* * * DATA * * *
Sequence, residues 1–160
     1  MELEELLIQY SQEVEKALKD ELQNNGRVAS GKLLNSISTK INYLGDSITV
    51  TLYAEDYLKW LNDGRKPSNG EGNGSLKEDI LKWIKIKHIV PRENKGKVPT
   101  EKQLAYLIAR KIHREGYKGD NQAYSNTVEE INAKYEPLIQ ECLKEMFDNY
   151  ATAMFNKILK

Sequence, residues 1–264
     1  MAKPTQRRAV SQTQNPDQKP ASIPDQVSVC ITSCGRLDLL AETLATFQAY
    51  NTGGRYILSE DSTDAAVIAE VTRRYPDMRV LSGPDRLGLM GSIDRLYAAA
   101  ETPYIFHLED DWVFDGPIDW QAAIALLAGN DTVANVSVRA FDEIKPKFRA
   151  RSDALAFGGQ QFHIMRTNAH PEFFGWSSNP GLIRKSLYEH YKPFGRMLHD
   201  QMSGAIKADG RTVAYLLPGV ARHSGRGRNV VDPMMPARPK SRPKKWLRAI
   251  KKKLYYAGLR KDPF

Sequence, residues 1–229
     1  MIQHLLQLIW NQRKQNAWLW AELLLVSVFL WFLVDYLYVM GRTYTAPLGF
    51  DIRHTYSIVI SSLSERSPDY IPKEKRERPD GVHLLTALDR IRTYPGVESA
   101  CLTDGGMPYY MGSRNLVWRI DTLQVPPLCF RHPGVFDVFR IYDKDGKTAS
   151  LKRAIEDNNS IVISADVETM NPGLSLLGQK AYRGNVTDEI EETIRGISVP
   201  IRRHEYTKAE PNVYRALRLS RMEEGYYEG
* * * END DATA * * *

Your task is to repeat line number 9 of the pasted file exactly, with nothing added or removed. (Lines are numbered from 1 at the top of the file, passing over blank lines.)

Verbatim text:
   101  ETPYIFHLED DWVFDGPIDW QAAIALLAGN DTVANVSVRA FDEIKPKFRA